In defeat, U.S. women progress, create new legacy at World Cup
The legacy of the U.S. women's soccer team is about athletes playing their sport
These women were not required to be pioneers or social activists or saviors
They are role models but to say morally better than male athletes is perilous
From the White House to baseball press boxes to screens large and small around the globe, millions followed Sunday's Women's World Cup final between Japan and the United States.
And when it was over -- when resilient Japan had come back not once but twice from a one-goal deficit, when the U.S. players couldn't convert even one of their first three penalty kicks, when Japan beat the U.S. team for the first time in history -- there was an instantaneous 21st century reaction.
The U.S. women were ripped for choking away the game.
But that's sports.
And ultimately, that's what the legacy of this Women's World Cup and this U.S. women's team is all about. About athletes playing their sport.
And that's the breakthrough.
That's their legacy. And it's enough.
This was another watershed moment in sports, another must-see event. But unlike that July day 12 years ago, this U.S. team's story is much more straightforward. They were not required to be pioneers or social activists or saviors.
They were simply athletes playing in a thoroughly compelling, exceptionally watchable sporting event.
And that's progress.
The past dozen years have been a tough slog for the U.S. team, one that didn't get any easier by becoming the first Americans to lose in a World Cup final.
These players didn't blaze any trails. That wasn't their narrative. By the time this group came along, the path was already cleared, the signs posted, the direction well marked. Instead, it was their destiny to hike along in oversized boots, ones that sometimes caused blisters and pain. They were carrying someone else's legacy, and it wasn't always easy.
This 2011 World Cup was about creating their own legacy. Even in defeat, they did that.
In a World Cup of unexpected parity, the U.S. team didn't dominate. At times, they didn't even play particularly well. But their last-gasp effort against Brazil captured a nation's attention and, as in all good sporting events, we went along for the entertaining ride.
Indomitable Abby Wambach. Clutch Hope Solo. Sparkplug Megan Rapinoe. Speedster Alex Morgan. Athletes playing their sport.
In the past, women's teams were expected to do more than just play. They had to build a movement, change their culture, make history. This team is liberated from that.
Among the things this U.S. team does not have to do:
Save a sport. Girls soccer in America doesn't need saving. It thrives at the youth level, in high school, in colleges. The current crop of teenagers, ones that can barely remember Mia Hamm or Brandi Chastain, love the sport and pack soccer fields around the country. If there's a boost in popularity, get ready: we're going to need to build more fields.
Launch a professional league. Perhaps the World Cup popularity will supply some much-needed oxygen to the WPS, a struggling league that remains on life support. But in the past decade, we've learned the folly of trying to launch a league on the back of one spectacular international event. It takes more than a month of headlines to make the economics of a week in-week out league work.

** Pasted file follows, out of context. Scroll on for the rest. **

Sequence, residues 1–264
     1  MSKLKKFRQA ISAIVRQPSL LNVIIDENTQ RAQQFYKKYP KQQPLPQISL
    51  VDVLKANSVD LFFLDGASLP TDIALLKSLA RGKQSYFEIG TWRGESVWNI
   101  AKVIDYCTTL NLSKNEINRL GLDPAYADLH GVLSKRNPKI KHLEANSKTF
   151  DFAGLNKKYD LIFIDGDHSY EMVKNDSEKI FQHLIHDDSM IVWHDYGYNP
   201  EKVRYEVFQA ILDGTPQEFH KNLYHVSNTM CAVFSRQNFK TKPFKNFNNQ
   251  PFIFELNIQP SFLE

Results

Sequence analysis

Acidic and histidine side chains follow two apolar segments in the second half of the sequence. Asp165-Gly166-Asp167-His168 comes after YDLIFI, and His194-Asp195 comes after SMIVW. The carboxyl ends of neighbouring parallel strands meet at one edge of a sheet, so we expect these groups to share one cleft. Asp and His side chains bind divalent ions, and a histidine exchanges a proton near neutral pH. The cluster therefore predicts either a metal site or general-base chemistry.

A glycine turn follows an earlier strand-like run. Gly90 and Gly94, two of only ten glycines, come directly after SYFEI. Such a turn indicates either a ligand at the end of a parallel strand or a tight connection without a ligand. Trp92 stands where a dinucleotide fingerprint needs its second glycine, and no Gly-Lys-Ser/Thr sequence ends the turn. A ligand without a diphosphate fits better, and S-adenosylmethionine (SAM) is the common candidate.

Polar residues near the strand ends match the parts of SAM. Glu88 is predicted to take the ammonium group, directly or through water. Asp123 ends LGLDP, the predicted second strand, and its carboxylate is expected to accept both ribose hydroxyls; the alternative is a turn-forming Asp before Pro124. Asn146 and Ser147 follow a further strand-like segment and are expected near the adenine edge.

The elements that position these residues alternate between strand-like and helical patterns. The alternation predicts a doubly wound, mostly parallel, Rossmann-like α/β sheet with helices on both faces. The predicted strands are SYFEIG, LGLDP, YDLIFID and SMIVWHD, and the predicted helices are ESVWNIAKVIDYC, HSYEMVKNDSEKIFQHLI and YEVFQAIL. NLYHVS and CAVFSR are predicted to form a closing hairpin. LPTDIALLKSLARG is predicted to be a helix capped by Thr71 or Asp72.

Shape a social movement. The main lesson from this World Cup is that women's sports are taking hold around the globe. National federations are investing money; established soccer clubs have women's teams. Television ratings were spectacular in several countries. The stadiums in Germany were sold out. The level of play was generally excellent. Anyone who watched in 1999 and then this year feels like they just witnessed a time-space compression.
Be held up as morally superior. There was a bit of that in recent days in the media: opinions that these women were nicer, friendlier, better teammates, more gracious than their male counterparts. That's the kind of canonization we heard a lot of back in 1999. And it's easy pickings during lockouts of two professional men's leagues.
But anyone making those comparisons does so at their own peril. We have plenty of gracious, determined male champions these days: Dirk Nowitzki, Aaron Rodgers, Rafael Nadal, NLCS MVP Cody Ross. And the core of the U.S. women's team was involved in one of the more spectacular team rifts in recent memory four years ago. What they did prove is that teams can overcome the past and remake their legacy.
These players are worthy role models. Athletes -- of either gender - are always examples for kids. Now young girls have a new group of players to admire, ones that look like them. There are new dreams about playing in big stadiums, hoisting trophies.
Twelve years ago, several of today's U.S. players were sitting in the stands in New Jersey, Chicago, Stanford, Pasadena, with their faces painted red-white-and-blue. Twelve years from now, some girls who were enthralled by the past month will be wearing the United States uniform. The inspiration is passed on. The progress continues.
On a summer Sunday afternoon, millions of people stopped in their tracks because of the U.S. women's soccer team.
To watch them play. To be riveted to the drama of sports.
That's legacy enough.
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